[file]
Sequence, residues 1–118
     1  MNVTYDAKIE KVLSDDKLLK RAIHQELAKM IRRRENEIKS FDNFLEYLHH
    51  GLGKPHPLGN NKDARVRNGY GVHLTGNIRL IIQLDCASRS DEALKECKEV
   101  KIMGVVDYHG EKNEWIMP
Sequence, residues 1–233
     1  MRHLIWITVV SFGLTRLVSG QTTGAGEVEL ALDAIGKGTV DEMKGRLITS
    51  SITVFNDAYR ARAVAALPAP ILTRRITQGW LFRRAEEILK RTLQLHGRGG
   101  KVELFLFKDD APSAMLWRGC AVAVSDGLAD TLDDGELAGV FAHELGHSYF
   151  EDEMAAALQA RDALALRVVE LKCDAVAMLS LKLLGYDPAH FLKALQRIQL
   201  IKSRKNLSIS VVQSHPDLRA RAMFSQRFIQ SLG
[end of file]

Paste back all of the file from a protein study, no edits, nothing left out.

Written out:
Sequence, residues 1–118
     1  MNVTYDAKIE KVLSDDKLLK RAIHQELAKM IRRRENEIKS FDNFLEYLHH
    51  GLGKPHPLGN NKDARVRNGY GVHLTGNIRL IIQLDCASRS DEALKECKEV
   101  KIMGVVDYHG EKNEWIMP
Sequence, residues 1–233
     1  MRHLIWITVV SFGLTRLVSG QTTGAGEVEL ALDAIGKGTV DEMKGRLITS
    51  SITVFNDAYR ARAVAALPAP ILTRRITQGW LFRRAEEILK RTLQLHGRGG
   101  KVELFLFKDD APSAMLWRGC AVAVSDGLAD TLDDGELAGV FAHELGHSYF
   151  EDEMAAALQA RDALALRVVE LKCDAVAMLS LKLLGYDPAH FLKALQRIQL
   201  IKSRKNLSIS VVQSHPDLRA RAMFSQRFIQ SLG